If you’re not a client of Nassau Animal Hospital, please schedule an appointment today and get to know us! Your first wellness check is FREE with any vaccination!

As always, feedback, suggestions and referrals are welcomed and appreciated.


Try this nice Fall Recipe and shower your best buddy with love by making some delicious, healthy Blueberry Pumpkin Dog Treats.  

Recipe via the Vegan Heartland



½ cup applesauce

½ cup canned pumpkin

2 cups 100% whole-wheat flour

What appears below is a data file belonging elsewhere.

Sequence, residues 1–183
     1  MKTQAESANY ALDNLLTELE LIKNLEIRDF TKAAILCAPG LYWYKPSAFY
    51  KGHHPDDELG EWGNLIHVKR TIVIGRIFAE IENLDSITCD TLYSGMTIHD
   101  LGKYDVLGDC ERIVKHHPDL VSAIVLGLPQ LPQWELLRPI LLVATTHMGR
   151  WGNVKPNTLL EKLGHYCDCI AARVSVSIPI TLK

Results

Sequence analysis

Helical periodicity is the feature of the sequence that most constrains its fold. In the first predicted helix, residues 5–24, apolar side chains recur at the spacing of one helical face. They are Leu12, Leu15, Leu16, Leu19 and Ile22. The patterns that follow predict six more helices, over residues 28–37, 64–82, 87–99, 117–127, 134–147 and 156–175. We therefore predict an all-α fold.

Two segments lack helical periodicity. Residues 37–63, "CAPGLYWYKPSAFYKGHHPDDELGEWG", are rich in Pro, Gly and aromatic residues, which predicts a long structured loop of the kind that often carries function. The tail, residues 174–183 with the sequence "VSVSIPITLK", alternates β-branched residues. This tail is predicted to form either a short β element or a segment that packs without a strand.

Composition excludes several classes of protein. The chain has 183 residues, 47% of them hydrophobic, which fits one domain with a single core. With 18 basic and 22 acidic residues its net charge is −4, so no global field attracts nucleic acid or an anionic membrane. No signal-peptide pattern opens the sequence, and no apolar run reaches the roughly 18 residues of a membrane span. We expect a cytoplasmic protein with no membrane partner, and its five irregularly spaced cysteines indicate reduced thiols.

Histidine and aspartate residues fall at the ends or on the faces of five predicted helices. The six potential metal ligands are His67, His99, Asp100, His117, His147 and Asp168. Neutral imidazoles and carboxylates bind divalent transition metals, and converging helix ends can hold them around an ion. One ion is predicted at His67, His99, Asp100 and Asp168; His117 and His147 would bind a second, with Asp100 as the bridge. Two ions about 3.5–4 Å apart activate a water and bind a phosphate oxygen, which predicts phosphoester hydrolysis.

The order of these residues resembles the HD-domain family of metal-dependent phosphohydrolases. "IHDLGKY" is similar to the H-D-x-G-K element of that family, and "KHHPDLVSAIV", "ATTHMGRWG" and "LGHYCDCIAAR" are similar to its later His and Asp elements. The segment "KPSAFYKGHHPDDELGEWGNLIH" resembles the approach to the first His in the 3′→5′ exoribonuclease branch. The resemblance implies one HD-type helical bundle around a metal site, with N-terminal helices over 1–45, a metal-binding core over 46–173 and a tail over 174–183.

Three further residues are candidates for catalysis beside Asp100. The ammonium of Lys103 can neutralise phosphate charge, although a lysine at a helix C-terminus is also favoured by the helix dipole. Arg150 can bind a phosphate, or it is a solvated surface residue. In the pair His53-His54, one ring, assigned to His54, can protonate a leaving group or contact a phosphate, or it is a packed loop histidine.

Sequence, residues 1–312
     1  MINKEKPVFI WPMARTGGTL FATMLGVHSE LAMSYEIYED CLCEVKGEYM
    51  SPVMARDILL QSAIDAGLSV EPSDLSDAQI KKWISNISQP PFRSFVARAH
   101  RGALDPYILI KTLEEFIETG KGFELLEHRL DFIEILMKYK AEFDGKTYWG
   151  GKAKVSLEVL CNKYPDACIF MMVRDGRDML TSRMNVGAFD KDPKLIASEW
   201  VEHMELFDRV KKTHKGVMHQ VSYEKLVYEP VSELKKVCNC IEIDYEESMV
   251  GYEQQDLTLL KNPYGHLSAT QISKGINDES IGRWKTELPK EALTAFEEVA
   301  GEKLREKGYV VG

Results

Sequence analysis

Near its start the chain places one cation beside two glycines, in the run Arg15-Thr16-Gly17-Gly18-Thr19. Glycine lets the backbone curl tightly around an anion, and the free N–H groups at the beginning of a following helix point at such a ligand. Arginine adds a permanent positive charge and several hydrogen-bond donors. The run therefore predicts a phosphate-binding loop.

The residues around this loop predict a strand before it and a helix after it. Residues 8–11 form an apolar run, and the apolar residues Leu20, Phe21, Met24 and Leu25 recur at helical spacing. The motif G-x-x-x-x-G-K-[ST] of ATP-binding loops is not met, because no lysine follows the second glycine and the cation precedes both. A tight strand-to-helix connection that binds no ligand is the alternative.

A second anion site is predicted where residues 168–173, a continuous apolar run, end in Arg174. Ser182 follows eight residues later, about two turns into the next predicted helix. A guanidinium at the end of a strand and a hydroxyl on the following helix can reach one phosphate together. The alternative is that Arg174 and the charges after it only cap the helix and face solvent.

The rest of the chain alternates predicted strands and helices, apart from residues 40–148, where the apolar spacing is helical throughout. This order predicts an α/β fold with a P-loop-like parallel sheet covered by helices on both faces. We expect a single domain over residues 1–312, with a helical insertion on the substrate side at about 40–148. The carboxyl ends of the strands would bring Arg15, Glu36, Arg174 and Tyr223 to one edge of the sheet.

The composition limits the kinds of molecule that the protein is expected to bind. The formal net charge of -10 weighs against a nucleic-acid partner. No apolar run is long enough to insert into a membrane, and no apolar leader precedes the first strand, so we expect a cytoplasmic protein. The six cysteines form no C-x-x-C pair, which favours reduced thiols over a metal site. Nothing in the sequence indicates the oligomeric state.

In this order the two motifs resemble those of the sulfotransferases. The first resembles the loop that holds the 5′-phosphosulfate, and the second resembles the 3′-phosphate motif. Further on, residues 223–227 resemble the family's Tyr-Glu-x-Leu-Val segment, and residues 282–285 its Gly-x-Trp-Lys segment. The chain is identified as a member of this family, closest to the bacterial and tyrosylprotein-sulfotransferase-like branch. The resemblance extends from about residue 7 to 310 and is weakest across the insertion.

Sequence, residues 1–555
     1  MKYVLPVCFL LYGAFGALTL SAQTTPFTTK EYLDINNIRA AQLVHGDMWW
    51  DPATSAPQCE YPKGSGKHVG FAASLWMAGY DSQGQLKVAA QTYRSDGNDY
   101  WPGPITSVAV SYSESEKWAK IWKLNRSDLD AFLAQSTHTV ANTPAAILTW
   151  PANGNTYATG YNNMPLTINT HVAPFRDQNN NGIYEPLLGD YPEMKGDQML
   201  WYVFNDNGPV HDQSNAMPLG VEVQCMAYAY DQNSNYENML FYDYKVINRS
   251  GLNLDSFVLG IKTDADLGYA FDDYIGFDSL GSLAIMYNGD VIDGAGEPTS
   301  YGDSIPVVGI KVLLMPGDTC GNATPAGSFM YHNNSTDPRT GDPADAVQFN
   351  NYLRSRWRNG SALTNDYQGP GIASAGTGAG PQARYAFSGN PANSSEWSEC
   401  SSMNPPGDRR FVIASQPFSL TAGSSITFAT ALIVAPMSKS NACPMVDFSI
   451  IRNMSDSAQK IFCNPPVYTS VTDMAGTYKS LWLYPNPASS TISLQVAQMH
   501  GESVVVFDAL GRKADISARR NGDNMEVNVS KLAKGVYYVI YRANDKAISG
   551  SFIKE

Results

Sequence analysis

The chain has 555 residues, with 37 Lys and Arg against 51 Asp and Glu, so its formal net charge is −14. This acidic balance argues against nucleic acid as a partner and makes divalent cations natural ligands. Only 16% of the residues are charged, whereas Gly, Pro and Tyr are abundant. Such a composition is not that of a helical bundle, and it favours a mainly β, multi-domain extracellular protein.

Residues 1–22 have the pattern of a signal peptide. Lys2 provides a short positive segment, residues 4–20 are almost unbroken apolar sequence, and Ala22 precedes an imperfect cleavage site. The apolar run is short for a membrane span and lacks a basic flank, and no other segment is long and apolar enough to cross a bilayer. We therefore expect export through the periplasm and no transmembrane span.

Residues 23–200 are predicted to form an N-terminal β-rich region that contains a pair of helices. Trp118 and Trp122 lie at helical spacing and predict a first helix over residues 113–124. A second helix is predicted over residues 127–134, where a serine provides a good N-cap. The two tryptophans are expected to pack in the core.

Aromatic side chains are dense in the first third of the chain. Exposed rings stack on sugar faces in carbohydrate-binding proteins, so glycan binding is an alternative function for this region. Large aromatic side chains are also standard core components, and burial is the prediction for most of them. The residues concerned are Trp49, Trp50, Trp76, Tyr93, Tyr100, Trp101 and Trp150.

½ cup flax seed meal

½ cup blueberries

½ cup water

Cooking Instructions: 

Preheat your oven to 350 degrees F.

Step 1

Blend the applesauce and pumpkin, in a bowl. Stir in the flour and flax seed meal. Next, add the water and stir. Work the ingredients together with your hands until all have become well incorporated.

Step 2

Roll out into ½ inch thickens and cut into your desired shapes

Step 3

Place treats 1-inch apart on parchment-paper-lined cookie sheets. Press blueberries into your treats (as shown in the picture)

Step 4

Bake the treats for 20 minutes on one-side and then turn them over and bake on the other side for an additional 20 minutes or until golden-brown. Allow treats to cool.